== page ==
A three year-long project, which is set to dramatically change the skyline at Chapelcross, has reached a major milestone.
A decade after the iconic cooling towers at Scotland’s first nuclear power station were spectacularly demolished, work to remove the top sections of the last four heat exchangers has been completed.
Chapelcross operated safely for 35 years and the 16 boilers, or ‘heat exchangers,’ played a vital role on the power station – producing steam to drive turbines and helping the site to generate 60 terawatt hours of electricity, enough to power Scotland for one and half years.
The 100ft tall structures, one of the tallest and most visible parts of the site, were dismantled using a giant 750-tonne crane that was followed on to site by a convoy of support vehicles and took several days to build.
The final top ducts were removed as part of the next stage of the project to dismantle all of the external steelwork from the heat exchangers. The project is critical to decommissioning at Chapelcross and moving the site into care and maintenance.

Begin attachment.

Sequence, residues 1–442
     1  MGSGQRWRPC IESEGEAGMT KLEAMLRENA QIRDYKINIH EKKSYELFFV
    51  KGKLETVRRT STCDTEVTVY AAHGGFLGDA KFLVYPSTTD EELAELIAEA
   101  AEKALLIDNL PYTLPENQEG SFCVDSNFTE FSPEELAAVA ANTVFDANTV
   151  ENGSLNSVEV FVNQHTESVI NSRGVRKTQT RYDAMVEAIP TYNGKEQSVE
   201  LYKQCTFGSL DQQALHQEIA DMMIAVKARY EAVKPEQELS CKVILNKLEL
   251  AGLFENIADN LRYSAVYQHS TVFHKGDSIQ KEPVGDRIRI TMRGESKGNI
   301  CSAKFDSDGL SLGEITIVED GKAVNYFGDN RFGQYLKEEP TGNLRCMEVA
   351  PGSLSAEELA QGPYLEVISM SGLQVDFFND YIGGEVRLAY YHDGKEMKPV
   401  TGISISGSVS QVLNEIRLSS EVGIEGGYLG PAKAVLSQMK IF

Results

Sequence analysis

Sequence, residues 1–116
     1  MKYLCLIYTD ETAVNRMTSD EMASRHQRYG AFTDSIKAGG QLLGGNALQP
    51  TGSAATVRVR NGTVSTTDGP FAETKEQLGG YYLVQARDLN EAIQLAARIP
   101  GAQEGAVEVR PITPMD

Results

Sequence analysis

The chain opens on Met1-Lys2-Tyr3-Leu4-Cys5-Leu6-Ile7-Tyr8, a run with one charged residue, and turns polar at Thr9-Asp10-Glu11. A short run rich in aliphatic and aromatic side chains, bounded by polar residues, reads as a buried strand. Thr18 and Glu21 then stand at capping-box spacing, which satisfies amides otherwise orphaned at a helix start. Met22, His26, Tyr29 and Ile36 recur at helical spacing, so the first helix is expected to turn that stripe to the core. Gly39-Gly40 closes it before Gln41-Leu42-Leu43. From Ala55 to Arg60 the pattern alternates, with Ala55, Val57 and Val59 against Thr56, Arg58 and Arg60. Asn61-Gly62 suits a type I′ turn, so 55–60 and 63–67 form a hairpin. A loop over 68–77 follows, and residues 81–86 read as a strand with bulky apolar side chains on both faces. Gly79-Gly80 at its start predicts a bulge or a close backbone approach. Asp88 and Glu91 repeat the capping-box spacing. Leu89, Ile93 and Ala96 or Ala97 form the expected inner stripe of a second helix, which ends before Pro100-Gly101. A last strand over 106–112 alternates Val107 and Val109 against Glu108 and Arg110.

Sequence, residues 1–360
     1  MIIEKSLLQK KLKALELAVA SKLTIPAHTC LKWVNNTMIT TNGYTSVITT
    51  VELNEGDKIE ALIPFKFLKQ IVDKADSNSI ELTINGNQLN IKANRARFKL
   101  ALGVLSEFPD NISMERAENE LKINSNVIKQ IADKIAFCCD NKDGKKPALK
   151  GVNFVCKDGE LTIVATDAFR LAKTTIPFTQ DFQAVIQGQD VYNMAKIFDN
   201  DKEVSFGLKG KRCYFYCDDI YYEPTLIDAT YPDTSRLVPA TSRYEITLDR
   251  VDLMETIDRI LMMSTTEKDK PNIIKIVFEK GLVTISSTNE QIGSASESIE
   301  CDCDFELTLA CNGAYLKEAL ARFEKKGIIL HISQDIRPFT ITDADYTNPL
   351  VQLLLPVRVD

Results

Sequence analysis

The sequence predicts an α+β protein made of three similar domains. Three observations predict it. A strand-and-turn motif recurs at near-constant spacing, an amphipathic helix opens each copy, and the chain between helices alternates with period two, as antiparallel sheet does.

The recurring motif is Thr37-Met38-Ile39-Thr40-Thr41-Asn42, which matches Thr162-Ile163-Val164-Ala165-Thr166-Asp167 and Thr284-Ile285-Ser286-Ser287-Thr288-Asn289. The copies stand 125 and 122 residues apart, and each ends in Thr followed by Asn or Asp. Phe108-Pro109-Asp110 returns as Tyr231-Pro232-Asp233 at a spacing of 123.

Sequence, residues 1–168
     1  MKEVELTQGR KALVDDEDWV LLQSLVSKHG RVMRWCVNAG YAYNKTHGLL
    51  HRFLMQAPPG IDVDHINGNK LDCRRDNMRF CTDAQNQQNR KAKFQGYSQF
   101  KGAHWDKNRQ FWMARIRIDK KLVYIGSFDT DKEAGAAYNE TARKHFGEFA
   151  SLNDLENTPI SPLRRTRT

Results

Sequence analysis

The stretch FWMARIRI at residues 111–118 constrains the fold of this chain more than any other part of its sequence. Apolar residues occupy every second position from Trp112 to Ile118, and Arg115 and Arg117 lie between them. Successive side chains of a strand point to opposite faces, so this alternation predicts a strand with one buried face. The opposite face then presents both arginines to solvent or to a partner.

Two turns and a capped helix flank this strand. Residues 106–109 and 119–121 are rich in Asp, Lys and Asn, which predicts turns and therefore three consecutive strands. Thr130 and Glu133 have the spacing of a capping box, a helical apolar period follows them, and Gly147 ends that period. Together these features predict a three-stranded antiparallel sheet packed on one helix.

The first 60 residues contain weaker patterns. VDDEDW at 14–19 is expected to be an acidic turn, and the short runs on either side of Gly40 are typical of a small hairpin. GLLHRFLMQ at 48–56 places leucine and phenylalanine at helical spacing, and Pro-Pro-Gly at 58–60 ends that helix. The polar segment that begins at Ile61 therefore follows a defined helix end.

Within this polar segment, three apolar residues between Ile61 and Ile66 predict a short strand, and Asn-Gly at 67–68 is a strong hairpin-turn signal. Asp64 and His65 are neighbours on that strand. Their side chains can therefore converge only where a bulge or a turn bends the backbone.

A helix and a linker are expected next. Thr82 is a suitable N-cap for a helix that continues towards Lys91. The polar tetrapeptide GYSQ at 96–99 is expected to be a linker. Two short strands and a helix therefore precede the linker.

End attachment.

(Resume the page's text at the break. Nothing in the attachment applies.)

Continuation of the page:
Chapelcross Site Closure Director, John Grierson, said: “This is a very visible example of the excellent progress that is being made in decommissioning the site, using expertise from specialist contractors in the supply chain.”
Local residents will be able to see the cranes from miles around and might be interested in knowing what’s going on at the site, so Magnox has produced a film about the project, which you can watch below.